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Taking on a Big Challenge - the Navy Seal's 40% Rule

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To live a more misadventurous life, I need to do more things that challenge me and inspire me to play full out. These challenges could be physical, mental, intellectual, analytical or something else. 

Right now, I'm focused on taking on a physical challenge because the I've suffered from fatigue and lethargy for months and I've lost a good bit of my physical strength. If I wanted to, I could make make some pretty good excuses (health conditions and prescriptions) but going down that soul-sucking road would not be a good use of my time however true it might be.

Here's the mindset I think will be more helpful - I'm much stronger and more capable than I think.

Have you heard of the Navy Seal 40% rule? It basically goes like this. When you think you've done all you can, and you feel like you need to quit, you've only used 40% of your strength and capacity. There's a good discussion of this on the Age of Obsolete blog.

No this is not a scientifically researched number. Whether it's really 40%, 50%, or 30%, I believe that we quit - or feel ready to quit - well before we have to. I reflected on times in my life that I proved this to be true. Here are two vivid and relatable examples:

In 2009, I walked the very hilly Flying Pig half-marathon (Cincinnati) while carrying an extra 80-90 pounds of excess weight. It took me 4 1/2 hours to walk the 13.1 miles and I felt like quitting hundreds of times. There was a mental aspect to this challenge too, because I was keenly aware that I looked much heavier than nearly everyone and I imagined that people were looking at me with pity or scorn (I was embarrassed). I also felt pressure during the second half of the walk to stay a block or two ahead of the sweep cars closing the course and picking up those who'd not be permitted to finish. I made it! And truth be told, I was probably capable of going farther.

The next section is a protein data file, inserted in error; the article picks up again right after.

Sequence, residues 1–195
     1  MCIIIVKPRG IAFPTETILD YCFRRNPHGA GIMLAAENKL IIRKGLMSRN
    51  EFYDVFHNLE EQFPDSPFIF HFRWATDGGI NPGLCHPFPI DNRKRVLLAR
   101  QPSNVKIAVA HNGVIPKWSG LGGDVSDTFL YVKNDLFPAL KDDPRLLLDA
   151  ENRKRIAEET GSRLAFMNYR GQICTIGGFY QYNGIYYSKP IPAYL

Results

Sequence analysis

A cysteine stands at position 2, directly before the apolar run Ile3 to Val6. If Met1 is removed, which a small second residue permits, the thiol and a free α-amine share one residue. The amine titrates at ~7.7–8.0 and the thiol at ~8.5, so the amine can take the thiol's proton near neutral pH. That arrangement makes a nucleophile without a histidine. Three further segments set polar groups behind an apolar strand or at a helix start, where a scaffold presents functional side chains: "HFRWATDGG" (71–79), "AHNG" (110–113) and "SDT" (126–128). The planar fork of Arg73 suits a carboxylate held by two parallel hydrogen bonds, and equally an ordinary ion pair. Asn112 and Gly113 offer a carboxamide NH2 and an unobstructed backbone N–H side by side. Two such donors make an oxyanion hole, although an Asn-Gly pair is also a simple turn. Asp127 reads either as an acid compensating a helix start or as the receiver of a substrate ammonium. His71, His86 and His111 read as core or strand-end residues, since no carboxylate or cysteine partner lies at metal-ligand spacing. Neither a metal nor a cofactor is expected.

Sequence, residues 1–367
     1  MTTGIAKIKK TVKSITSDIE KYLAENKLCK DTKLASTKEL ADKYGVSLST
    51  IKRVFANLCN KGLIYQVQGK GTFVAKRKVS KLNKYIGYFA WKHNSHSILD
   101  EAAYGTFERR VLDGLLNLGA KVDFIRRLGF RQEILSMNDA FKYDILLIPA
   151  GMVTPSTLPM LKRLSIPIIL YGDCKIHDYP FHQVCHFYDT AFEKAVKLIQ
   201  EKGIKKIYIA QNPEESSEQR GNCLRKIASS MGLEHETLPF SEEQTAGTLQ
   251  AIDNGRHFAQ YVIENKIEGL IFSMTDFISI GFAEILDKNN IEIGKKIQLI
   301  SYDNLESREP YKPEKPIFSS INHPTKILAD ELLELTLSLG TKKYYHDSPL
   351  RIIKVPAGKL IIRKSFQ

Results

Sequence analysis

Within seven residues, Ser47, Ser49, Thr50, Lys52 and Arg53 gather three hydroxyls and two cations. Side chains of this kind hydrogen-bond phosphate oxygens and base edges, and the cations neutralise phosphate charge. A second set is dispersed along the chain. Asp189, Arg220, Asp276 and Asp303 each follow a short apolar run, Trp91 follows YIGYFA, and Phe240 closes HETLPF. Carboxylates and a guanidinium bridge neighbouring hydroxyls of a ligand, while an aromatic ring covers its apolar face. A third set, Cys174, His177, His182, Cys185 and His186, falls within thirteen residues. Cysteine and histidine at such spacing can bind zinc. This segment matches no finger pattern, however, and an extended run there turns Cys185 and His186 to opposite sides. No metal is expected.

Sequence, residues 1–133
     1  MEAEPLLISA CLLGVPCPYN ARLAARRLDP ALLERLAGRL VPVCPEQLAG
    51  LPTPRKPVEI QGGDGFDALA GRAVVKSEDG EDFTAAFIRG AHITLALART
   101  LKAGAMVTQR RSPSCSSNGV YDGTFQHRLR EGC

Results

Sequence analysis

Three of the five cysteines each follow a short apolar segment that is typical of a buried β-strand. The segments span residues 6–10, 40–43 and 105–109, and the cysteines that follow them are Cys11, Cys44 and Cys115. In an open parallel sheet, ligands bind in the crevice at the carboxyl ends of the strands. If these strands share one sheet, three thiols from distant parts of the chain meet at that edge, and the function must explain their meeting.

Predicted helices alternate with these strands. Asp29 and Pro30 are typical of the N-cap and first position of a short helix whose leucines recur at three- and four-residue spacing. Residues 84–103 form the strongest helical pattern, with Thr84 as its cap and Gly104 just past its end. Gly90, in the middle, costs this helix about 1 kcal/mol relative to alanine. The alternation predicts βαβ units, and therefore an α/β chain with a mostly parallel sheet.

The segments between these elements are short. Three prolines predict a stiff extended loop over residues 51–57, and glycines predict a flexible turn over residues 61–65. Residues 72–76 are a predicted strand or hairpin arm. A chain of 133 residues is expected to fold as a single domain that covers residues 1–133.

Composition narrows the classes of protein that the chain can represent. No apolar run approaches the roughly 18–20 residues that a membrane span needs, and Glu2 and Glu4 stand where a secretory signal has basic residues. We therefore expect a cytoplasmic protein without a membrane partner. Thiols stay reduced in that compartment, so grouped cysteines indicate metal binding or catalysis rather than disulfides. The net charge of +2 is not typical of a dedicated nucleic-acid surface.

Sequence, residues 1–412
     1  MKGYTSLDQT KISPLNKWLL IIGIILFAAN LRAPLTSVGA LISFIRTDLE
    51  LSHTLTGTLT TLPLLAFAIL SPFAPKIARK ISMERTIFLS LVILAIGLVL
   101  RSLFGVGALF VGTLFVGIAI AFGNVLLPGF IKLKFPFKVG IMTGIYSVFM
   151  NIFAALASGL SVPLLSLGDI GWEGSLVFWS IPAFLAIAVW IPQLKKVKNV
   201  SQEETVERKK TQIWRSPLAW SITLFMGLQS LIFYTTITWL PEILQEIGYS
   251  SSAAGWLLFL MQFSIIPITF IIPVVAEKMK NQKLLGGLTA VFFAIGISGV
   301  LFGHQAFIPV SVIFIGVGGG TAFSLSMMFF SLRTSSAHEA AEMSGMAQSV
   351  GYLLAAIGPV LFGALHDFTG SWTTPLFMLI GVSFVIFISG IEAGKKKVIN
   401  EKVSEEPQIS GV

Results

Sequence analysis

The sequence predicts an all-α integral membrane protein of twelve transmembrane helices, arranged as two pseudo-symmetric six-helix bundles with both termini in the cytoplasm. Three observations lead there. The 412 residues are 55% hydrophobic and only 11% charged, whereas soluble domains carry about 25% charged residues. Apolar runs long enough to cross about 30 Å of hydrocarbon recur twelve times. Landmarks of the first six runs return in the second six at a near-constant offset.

In 2014, I completed the 2-day MS 150, a 150-mile charity bike ride from Houston (flat) to Austin (not flat). We'd trained every weekend for several months, and while I was pretty strong, I was still carrying a ton of extra weight. Not so problematic on flat roads, but the hills on the second day were killer. Pain management became an even bigger challenge than the hills. It took everything I had plus more to finish near the end of the pack.

In both of these examples, I got to the end by pushing through barriers and finding a deep determination I didn't know I had. I did it in spite of myself. Sadly, I can remember many more times when I gave up too soon. When I quit at 40%. Those are regrets I have learned from.

My current state of strength and fitness is far lower than it was in 2009 or 2014, so I'm at a different starting point. That's OK.

But the process I need to use is roughly the same. Set a big and inspiring goal anchored by promises and commitments. Rearrange life and habits to move in that direction. Do small and directionally correct things every day to manifest the goal. Go until I want to stop, then go a bit more. Make big requests, when needed. 

I'm tired of being tired and weak and am ready to begin a new misadventure focused on becoming strong again. There will be many misadventures along the way that I will surely relish and remember. 

I'll share more about my thinking and plan over the next two weeks. If you want to challenge yourself in a bigger way, please share your goal in the comments so I can cheer you on.

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